Louis Theroux: ‘Mothers On The Edge’ Review

For some, motherhood is exactly what they expect it to be – sunshine and rainbows and lots of stress. For others, it can be a more harrowing time for their mental health. Louis Theroux’s latest documentary – Mothers On The Edge – explores the stories of a group of women who’s mental health deteriorated following the birth of their child. 

When I first heard about the documentary, I thought the subject was fascinating. Postpartum Depression seems to be becoming a more talked about issue, with celebrities such as Chrissy Teigen speaking up about their own experiences with it. I hoped that a documentary would further the conversation and show sufferers that it’s okay to seek help and speak up. 

Knowing that Louis Theroux isn’t one to walk away from a particularly difficult subject, I went into watching the documentary expecting a really hard-hitting series of tales from mothers that were closing their sense of reality. This isn’t what I found, and maybe that’s a good thing. 

Don’t get me wrong, the tales were hard-hitting, but the documentary wasn’t quite what I was expecting. It was informative, deep, and well-documented, but a part of me felt as if it was missing some kind of depth. I was expecting more than the viewer was given and, while that might be my own fault, I do think the documentary was somewhat playing in shallow waters. 

Of course, Louis Theroux can only do so much – he can only get access to certain places and certain people. Generally, he did a good job of creating a documentary surrounding postpartum mental health. Where I was expecting distressing scenes of mothers not willing to be with their child, we were instead given scenes of Theroux playing with babies. Perhaps that highlights the fact that I’m not all that informed on postnatal mental health, and I was hoping to gain a further insight from this documentary. 

What I thought was equally interesting is that Louis Theroux often breached the rules of being a journalist with this documentary. While he is an inspiration to me, as an aspiring journalist, he treaded the fine line of going too far. We’re caught to be impartial and open-minded, never imposing a narrative or an ideal on the interviewee in question to ensure that they feel comfortable at all times. However, Louis did often impose a narrative as, at times, he somewhat unwillingly invalidated how the mothers were feeling. 

“I think you do love him.”

Though, as the documentary continues, Theroux finds himself questioning his willingness to believe a mother couldn’t love her own child. In turn, I believe that this does well to highlight the misconceptions that so many people have about motherhood and postpartum depression. Society constantly holds mothers to such a high standard that it’s somewhat setting them up to fail. They’re told that they have to be head over heels for their new child – that they have to be willing to give up life as they know it to protect them, but this often isn’t the case. Motherhood is not an easy road, and it’s not as clear cut as people like to make it out to be. If you think about the expectations that mothers are held to, it’s no surprise that so many suffer from bad mental health when trying to juggle their new life with a new child.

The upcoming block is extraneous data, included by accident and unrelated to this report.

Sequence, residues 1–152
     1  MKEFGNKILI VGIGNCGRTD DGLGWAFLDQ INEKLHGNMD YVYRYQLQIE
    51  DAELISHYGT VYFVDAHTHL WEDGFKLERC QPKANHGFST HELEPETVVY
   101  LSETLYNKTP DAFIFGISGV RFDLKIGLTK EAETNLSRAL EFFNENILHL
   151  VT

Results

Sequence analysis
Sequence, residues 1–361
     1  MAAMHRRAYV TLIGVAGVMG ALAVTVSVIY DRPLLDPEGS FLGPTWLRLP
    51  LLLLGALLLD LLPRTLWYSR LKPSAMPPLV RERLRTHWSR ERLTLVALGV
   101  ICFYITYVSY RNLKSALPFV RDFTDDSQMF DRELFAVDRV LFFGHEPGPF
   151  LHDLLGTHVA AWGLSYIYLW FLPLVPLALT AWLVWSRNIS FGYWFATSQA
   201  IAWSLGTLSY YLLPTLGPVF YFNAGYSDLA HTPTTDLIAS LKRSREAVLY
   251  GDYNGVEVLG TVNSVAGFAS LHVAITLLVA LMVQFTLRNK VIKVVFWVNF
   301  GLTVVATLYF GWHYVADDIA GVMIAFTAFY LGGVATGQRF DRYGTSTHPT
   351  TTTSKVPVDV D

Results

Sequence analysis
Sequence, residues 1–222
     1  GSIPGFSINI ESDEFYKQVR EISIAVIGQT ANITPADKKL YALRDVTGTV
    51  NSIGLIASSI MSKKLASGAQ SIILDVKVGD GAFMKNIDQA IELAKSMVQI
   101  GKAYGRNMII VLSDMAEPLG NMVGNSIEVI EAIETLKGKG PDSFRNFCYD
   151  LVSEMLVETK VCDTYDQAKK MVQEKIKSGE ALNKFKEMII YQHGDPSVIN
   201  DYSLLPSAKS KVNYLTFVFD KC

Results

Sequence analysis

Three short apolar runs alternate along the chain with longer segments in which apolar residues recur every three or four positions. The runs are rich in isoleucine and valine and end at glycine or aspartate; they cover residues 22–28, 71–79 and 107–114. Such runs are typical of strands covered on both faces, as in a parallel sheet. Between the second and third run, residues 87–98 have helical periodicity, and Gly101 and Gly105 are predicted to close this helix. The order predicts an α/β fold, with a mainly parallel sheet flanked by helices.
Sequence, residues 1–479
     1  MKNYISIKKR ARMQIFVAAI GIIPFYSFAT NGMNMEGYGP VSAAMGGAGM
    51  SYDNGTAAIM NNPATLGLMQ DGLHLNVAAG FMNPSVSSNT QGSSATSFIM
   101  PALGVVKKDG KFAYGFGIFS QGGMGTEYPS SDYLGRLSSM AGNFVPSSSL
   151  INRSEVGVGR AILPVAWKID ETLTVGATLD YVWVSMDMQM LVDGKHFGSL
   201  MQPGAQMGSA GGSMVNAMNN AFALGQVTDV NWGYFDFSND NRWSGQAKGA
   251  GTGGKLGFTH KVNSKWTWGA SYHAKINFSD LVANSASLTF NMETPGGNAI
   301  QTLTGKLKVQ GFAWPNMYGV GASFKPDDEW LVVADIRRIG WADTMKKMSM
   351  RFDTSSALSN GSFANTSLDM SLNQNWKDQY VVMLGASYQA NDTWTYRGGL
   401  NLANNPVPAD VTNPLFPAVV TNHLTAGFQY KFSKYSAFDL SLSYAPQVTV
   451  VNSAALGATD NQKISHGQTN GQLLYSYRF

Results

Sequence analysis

At one point, Louis Theroux even tells one mother – Catherine – that she didn’t ‘look unwell’. This, again, speaks volumes about how people have an idea that you have to look a certain way to be deemed as mentally ill. Theroux plays into the ideal that you have to ‘look sick’ to ‘be sick’, as if there was a way to ‘look sick’ in the first place. I hope that more people watching the documentary are able to pick up on this fact and come to realise that mental health difficulties can affect anybody, no matter what they look like or how they’re acting. Like Catherine replies, the person next to you in line in the grocery store could be suffering from so much more than you think they are just because they look ‘normal’. But there’s no way to look ‘normal’ – it’s entirely a social construct. 

Generally, I think I would’ve liked it if the documentary explored these points further. I would’ve liked to see Theroux exploring the stigma surrounding postnatal mental health in more depth, and I would’ve liked to see him challenge some of the stereotypes around it. 

Even though the documentary only very briefly touches on the subject, it does do a good job of representing a small portion of struggles that some mothers go through. It could be developed so much more and focuses around more immediate issues, but it was interesting to hear the stories from these women and to see how they were on the road to recovery. 

Mothers On The Edge can now be streamed on BBC iPlayer.

4 Replies to “Louis Theroux: ‘Mothers On The Edge’ Review”

  1. I haven’t seen this before or even advertised. Thank you for sharing such a great well written review!

    1. Thank you!!

  2. “At one point, Louis Theroux even tells one mother – Catherine – that she didn’t ‘look unwell’. This, again, speaks volumes about how people have an idea that you have to look a certain way to be deemed as mentally ill.“

    We have different interpretations of why he said this. I believed he had deliberately said this to highlight what people’s perception could be.

    1. Thank you for letting me know what you thought! I definitely agree that he could’ve purposely said it, it wouldn’t surprise me

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